It’s been a wild winter for much of Alaska. Extreme cold, oodles of snow, warm interludes, high winds – lots of normal winter type weather, only squared or tripled.
The latest warm spell in my area has pushed me right past cabin fever into spring fever.
To quiet it some, I’ve been looking at garden notes from last year. My notes always start out great and as the season wears on get more and more scant and peppered with remarks and abbreviations I can’t understand this far away from events. “NO!” scribbled on empty seed packets usually means whatever it was was not a success , but who knows what “ftt” or “snf” or “fgqh” mean now?! Once again, I’m promising myself I’ll make a list of terms and abbreviations… sigh… and know that I’ll probably forget by July.
The one section of notes which is easy to understand is “Potatoes”.
I tried something different last year and it was so successful I’m doing it again.
A 7 Ways to Plant Potatoes article I found outlined a number of methods and the author’s notes about what did and didn’t work and their notions of whys and hows of each result.
My criteria for choosing the wire cylinder method included suited-to-my-climate, cost in dollars and hours of work, and space needed in an already overcrowded garden.
Suited to my climate:
I wanted a method which drains well.
Southeast Alaska is just plain tough in a lot of ways. Summers are cool and wet and cloudy for the most part.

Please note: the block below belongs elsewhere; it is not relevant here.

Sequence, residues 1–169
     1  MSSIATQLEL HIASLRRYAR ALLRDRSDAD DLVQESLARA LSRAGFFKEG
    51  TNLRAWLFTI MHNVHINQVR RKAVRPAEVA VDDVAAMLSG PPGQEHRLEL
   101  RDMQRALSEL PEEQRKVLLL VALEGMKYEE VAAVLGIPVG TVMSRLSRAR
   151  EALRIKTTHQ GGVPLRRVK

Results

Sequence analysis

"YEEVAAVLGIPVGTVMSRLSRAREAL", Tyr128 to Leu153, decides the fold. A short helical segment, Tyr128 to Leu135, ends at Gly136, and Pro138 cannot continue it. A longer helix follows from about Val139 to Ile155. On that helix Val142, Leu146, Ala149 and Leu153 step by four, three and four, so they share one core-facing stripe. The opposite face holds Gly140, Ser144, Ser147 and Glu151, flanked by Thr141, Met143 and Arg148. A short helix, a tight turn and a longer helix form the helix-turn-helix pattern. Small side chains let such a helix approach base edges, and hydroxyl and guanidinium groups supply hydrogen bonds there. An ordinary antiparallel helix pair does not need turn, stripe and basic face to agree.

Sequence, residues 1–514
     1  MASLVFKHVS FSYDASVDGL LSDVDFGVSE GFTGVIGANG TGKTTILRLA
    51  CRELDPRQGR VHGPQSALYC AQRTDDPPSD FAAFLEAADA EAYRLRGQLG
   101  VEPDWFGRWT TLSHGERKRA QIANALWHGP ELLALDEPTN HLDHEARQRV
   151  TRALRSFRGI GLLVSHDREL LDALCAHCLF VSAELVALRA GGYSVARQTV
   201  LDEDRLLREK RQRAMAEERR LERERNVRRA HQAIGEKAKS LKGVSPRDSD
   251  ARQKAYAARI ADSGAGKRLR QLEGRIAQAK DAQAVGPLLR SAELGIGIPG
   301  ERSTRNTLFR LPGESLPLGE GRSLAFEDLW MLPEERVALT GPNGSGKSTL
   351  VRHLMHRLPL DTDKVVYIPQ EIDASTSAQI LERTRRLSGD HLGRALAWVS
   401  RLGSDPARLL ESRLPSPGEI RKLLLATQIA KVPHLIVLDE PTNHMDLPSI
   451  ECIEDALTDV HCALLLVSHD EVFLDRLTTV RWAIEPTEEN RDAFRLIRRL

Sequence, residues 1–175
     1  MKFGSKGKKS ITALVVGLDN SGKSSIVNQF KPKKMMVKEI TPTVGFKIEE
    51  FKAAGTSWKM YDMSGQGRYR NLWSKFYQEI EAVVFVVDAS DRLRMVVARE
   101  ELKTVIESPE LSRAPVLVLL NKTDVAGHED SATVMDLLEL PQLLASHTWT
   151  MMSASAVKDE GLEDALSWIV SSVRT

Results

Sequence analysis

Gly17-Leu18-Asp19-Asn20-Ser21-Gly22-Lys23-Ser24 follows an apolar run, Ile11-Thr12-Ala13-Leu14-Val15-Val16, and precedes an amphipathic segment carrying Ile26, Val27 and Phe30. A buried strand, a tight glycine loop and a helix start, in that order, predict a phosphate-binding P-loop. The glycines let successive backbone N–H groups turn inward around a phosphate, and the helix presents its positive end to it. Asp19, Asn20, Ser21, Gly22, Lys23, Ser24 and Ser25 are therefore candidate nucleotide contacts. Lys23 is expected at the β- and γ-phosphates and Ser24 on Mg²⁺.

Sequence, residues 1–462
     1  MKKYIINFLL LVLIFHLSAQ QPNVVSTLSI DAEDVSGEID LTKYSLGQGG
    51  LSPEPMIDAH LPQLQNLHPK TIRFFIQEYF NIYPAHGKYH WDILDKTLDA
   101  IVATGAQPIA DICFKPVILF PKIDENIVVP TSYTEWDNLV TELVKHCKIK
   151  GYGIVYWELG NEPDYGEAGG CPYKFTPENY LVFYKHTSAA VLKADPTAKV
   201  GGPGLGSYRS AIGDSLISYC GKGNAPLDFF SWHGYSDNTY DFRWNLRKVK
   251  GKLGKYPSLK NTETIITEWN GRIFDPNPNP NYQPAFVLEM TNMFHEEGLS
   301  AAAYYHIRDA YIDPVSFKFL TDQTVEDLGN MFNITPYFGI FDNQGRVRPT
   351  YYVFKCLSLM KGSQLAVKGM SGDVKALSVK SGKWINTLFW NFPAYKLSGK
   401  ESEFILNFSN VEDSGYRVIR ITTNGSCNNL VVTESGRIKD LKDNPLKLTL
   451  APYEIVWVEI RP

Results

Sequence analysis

The last half of April, and May and June tend to be the driest months here. July and August are wet, averaging 4.5+ and 6.0+ inches respectively, but often exceeding those averages, in recent years, by as much as triple rainfall amounts. Gardens which start beautifully early on can simply melt or rot by late July or early August.
Native soils don’t help much with the rot thingy in many parts of my area as we are, in many places, mostly glacial till or flour (powdered rock dust) left behind by retreating glaciers. It packs almost as tight as clay soils do if it is not amended heavily.
I wanted a method which didn’t cost much to put in place and didn’t take a lot of time to manage through the growing season.
I wanted a method which would make maximum use of space as I’ve stuffed the small area I have very full but am always looking to expand what I can grow.
Potatoes do ok here in containers but most are expensive. After the last of the barrel type I used for years bit the dust I liked the inexpensive hardware cloth and zip-tie container idea!
My cylinders were almost 30 inches in diameter, much more than the 18 inches the article author made. I put leftover pieces of weed cloth in the bottom in anticipation of what heavy late summer rains might do in terms of washout in my larger cylinder. Given we had 12.91 inches in August, 15.06 inches in September, and 12.63 inches in October, I’m glad I did and will do so again!
The sticks are to keep curious ravens out – they sometimes dig around in or dig up fresh plantings. I’m not sure what is going on in their birdly brains when they do that but I try to discourage them, whatever it is that they are doing.
I used peat to fill up around the plants as they grew as it is readily available here.
This ended up being an almost no-maintenance way to grow spuds for me. The darn plants got to be almost 5 feet tall and worried me some that too much energy was going to above ground greens.
Harvest? Just yank the cylinder off!
The yield in the end was very high and very good quality so I guess they were just happy spud plants in all ways!
For Alaskan gardeners, here’s a list of certified seed potato sources here in Alaska, along with a list of all the mouth-watering varieties available. If I have to have spring fever, you do too!!
My order is ready to go. Yours?